The long history of South African teams being done in by the incompetence and, let’s be honest, the one-eyed approach of Australasian match officials took another turn for the worse on Friday as the DHL Stormers were beaten 30-21 by the Rebels in a Vodacom Super Rugby match in Melbourne.
Referee Mike Fraser made some poor calls throughout, as has become an expected habit in Super Rugby, and you could well ask when last a referee actually got something right.
But he wasn’t helped by what can only be termed a diabolical decision by the TMO, one of countless that have gone the Rebels’ way in recent matches played on their home ground, and also not unlike the one that cost the Bulls in Brisbane before that.
Hooker Martin Bezuidehout did hold back a Rebels player as the ball was toed through into the Stormers’ in-goal area, but before that there was a knock-on by the Rebels and there should have been a scrum to the Stormers.
And the call by the TMO that “there was a probability that a try would have been scored” - well, if that was the case, then there are countless situations every week where a penalty try should be awarded.
In Fraser's defence, even he sounded a bit confounded when that call came through to him.
Bryan Habana, probably the quickest player on the field, was back to dot the ball down, and probably would have been regardless of whether the Rebels player was held back.
Yes, given that the TMO was too incompetent to spot the knock-on, the subsequent play did justify a penalty as well as a yellow card. But a penalty try? Not in four months of frosty Sundays.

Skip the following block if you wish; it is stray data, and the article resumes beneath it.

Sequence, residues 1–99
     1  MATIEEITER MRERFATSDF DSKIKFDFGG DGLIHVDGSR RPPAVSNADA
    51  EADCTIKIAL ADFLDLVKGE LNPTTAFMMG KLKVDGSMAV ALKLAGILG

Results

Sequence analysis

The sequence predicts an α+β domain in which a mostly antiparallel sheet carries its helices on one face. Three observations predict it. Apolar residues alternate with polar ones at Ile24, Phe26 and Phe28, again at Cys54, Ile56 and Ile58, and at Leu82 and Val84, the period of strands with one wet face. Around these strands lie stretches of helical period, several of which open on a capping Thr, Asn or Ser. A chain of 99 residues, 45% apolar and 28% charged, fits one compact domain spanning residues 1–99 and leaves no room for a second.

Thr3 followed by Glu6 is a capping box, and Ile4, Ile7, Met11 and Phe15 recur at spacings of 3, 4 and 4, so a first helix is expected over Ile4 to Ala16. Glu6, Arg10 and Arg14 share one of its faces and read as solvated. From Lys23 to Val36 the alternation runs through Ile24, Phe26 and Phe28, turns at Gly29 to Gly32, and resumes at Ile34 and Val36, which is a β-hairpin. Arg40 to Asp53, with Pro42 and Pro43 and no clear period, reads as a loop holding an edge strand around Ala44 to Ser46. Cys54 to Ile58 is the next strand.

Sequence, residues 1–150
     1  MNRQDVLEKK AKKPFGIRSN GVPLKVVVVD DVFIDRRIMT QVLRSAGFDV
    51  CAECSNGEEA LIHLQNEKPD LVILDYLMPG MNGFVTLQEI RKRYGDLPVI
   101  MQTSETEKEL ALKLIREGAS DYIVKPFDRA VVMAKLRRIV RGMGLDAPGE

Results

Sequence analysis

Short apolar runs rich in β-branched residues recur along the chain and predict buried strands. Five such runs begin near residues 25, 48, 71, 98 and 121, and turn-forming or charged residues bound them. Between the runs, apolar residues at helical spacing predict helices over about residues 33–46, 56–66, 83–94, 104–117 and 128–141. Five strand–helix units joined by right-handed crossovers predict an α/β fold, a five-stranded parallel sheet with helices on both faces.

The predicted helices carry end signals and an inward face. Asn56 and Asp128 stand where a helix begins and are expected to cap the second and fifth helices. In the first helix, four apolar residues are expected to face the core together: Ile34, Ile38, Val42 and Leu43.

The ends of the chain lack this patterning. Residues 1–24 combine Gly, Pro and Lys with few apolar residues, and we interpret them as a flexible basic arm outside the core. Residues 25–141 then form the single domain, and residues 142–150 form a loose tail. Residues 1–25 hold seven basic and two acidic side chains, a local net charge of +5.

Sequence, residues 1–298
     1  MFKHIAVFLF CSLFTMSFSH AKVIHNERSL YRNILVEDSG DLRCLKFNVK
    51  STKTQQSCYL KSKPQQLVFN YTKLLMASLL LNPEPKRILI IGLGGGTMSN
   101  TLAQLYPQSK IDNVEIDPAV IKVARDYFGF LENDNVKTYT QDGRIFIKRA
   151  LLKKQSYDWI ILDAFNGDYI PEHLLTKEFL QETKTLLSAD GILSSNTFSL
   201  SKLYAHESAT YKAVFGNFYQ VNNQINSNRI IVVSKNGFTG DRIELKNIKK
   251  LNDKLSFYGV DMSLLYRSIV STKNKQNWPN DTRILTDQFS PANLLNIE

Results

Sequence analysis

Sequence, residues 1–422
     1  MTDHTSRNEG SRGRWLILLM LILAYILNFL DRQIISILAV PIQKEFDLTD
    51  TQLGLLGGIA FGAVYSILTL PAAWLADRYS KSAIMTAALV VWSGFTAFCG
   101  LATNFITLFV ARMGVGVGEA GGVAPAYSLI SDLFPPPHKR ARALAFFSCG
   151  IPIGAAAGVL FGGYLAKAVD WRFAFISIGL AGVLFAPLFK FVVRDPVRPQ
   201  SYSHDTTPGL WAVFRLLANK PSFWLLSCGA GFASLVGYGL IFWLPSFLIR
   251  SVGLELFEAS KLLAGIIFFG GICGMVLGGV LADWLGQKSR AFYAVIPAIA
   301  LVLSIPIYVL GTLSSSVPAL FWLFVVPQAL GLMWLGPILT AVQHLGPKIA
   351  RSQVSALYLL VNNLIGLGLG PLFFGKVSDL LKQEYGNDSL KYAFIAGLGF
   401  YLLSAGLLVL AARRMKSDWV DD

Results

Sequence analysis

It’s been a tough tour for the Stormers in terms of the rank poor officiating they have had to deal with, and Steve Walsh and the assistant referees who officiated in the tour opener in Palmerston North should have been suspended for their shocking display there.
Instead the Stormers got dragged through two weeks of drama before being slapped with a R225 000 fine for verbal abuse, which is more money than some top fraudsters are asked to part with by the courts.
Maybe the Stormers deserved to part with that money and maybe they didn’t, but the Sanzar demand that everyone involved be denied the opportunity to talk about it only serves to fuel the view that the South African teams are victims of bias.
TWO NATIONS GANGING UP AGAINST ONE
They know after the whole Bryce Lawrence fiasco in 2011 that it will just be denied and swept under the carpet, but it is time for South African administrators to make it clear they’ve had enough of the situation where it’s two nations ganging up against one.
What does this have to do with the Melbourne game? Well maybe nothing, or maybe everything. The point is that it’s perhaps time to stop turning blind eyes to what may be an injustice that is being served, and which has been for many years.
Of course if you make the point that the Stormers have only themselves to blame for this defeat you would also be right.
They say the first sign of madness is when you try something and it doesn’t work and you keep trying it again and again, and on Friday the Stormers just kept turning down kickable penalties in favour of the lineout. And on each occasion it didn’t work.